Subhomoy Bhattacharjee audits the tenure of former Comptroller & Auditor General,Vinod Rai
Just a day before he quit as the Comptroller and Auditor General,Vinod Rai paid a visit to finance minister P Chidambaram,the only call-on he made that day.
Five years ago in 2008 it was from his perch as secretary,banking under Chidambaram as the finance minister that Vinod Rai had stepped across to become the CAG.
That brief meeting ended a long innings. In the summer of 2008 Rai had then taken over a highly regarded but more in the nature of a postscript job that clearly grabbed less eyeballs than presiding over the banking sector. India was growing at 9 per cent and surely public sector banks were at the heart of that story.
This summer the story lies in tatters,Chidambaram has been brought back to the finance ministry for a rescue act. And Vinod Rai is leaving behind a legacy at the faux-colonnaded new office he moved into in 2009,which is still very early to measure for its effect on the economy. Was his team partly responsible for the policy paralyses that set in the government,or did he personify the anti-corruption world view of the Indian middle class?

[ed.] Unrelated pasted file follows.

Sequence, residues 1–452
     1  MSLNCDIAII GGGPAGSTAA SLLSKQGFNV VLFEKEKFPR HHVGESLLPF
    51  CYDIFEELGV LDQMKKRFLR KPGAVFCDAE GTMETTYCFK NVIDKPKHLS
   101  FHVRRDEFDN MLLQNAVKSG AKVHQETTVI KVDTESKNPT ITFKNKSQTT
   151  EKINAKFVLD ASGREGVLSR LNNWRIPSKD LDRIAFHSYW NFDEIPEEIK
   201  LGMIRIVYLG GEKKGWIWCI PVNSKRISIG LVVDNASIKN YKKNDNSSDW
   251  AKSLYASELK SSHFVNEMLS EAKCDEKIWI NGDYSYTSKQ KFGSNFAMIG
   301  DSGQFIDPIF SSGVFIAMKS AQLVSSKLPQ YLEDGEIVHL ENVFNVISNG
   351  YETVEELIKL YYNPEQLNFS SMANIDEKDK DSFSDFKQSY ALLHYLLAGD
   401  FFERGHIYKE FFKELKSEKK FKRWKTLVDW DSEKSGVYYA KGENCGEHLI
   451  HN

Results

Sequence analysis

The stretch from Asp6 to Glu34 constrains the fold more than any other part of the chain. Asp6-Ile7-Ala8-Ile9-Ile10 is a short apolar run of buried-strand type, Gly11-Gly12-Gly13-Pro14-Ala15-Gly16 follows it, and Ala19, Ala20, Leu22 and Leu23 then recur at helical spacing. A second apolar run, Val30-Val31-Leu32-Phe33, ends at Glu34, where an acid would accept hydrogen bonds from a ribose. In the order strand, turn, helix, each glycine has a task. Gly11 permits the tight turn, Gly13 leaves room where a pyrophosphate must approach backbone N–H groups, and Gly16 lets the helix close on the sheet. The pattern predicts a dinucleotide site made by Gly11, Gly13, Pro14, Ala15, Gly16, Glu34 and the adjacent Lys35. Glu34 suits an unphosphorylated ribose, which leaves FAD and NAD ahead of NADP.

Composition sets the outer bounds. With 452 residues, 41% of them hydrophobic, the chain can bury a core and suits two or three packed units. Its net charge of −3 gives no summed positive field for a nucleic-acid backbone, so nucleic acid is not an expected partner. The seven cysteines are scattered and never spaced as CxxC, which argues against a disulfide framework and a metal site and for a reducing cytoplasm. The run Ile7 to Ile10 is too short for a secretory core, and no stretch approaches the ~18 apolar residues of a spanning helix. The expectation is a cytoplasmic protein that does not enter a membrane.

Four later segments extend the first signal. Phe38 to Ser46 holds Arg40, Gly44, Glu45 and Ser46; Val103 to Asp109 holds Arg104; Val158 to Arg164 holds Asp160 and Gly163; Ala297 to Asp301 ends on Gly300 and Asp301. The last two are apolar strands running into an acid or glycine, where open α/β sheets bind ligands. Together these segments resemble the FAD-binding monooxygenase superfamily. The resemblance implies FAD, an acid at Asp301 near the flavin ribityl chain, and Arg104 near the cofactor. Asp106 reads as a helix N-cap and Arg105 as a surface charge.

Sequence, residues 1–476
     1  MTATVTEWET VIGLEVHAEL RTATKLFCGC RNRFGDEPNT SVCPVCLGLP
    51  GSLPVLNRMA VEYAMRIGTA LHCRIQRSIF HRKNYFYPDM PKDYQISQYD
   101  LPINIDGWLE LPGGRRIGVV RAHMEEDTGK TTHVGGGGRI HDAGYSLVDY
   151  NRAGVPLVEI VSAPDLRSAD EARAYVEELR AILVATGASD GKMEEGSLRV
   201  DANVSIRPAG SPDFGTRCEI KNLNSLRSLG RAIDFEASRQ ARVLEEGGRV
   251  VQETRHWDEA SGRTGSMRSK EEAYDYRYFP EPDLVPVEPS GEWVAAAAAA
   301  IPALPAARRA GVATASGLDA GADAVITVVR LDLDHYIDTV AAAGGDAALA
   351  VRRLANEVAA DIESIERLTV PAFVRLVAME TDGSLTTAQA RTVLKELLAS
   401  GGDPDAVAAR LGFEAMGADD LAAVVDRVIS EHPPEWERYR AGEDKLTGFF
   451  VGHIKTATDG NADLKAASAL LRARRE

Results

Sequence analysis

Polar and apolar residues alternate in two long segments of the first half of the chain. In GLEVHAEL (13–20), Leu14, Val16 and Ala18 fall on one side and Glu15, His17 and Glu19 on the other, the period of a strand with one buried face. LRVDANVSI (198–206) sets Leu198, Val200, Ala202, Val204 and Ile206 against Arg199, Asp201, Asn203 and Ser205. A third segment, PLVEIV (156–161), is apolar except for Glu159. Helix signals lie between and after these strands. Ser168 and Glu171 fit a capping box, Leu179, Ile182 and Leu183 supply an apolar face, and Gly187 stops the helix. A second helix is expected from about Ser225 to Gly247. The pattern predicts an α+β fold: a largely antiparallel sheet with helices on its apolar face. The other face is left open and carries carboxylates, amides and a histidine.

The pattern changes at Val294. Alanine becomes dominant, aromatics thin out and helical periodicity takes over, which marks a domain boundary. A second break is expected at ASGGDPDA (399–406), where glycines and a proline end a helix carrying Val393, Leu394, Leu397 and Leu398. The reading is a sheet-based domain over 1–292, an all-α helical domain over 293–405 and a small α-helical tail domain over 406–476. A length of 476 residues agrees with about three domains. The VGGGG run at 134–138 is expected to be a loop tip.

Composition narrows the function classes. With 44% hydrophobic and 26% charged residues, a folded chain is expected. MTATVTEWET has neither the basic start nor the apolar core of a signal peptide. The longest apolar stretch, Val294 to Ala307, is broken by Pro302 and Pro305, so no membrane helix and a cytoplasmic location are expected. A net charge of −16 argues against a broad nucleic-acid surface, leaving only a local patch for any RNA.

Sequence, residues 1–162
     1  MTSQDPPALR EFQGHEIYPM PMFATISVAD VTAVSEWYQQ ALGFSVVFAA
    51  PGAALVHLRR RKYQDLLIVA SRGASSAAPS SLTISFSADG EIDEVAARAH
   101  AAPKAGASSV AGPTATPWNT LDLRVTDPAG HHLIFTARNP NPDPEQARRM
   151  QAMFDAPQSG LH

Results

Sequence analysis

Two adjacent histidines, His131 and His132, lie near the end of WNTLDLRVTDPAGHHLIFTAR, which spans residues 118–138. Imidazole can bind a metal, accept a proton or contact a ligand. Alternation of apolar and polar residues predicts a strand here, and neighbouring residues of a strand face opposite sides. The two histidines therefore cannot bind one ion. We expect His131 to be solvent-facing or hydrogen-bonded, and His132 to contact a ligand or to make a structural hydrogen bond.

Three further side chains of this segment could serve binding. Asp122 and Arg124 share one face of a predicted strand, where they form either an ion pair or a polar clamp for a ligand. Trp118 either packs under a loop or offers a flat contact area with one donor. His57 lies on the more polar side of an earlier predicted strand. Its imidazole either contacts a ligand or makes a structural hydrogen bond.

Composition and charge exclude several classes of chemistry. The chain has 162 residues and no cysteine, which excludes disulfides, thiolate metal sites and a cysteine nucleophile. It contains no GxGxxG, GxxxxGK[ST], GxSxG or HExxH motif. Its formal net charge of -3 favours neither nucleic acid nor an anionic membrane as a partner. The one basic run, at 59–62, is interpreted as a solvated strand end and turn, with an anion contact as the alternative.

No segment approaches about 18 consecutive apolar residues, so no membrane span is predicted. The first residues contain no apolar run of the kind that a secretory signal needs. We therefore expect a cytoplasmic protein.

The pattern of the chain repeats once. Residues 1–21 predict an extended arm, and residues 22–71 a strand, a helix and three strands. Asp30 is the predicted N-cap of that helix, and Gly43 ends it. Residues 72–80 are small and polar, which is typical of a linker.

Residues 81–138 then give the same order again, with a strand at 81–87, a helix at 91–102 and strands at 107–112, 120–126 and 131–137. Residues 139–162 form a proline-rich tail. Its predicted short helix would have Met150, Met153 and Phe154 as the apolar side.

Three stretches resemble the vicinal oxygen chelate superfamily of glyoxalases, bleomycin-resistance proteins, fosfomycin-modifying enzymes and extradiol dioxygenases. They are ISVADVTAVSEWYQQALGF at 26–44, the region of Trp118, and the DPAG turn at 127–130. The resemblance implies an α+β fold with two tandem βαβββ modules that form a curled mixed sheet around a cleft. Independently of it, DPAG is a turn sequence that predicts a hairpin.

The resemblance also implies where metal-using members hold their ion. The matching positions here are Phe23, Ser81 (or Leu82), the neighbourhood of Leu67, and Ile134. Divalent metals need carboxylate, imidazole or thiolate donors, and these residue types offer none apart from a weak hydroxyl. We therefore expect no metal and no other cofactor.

There are pointers. Just a week before the audit report on the NREGA programme was to be placed in Parliament in April this year,rural development minister Jairam Ramesh sought an unusual meeting with Rai. Ramesh wanted to bring his officers handling the Rs 40,000 crore a year spending programme to sit across the auditors to figure out the ways to fix the weaknesses,but away from the cameras.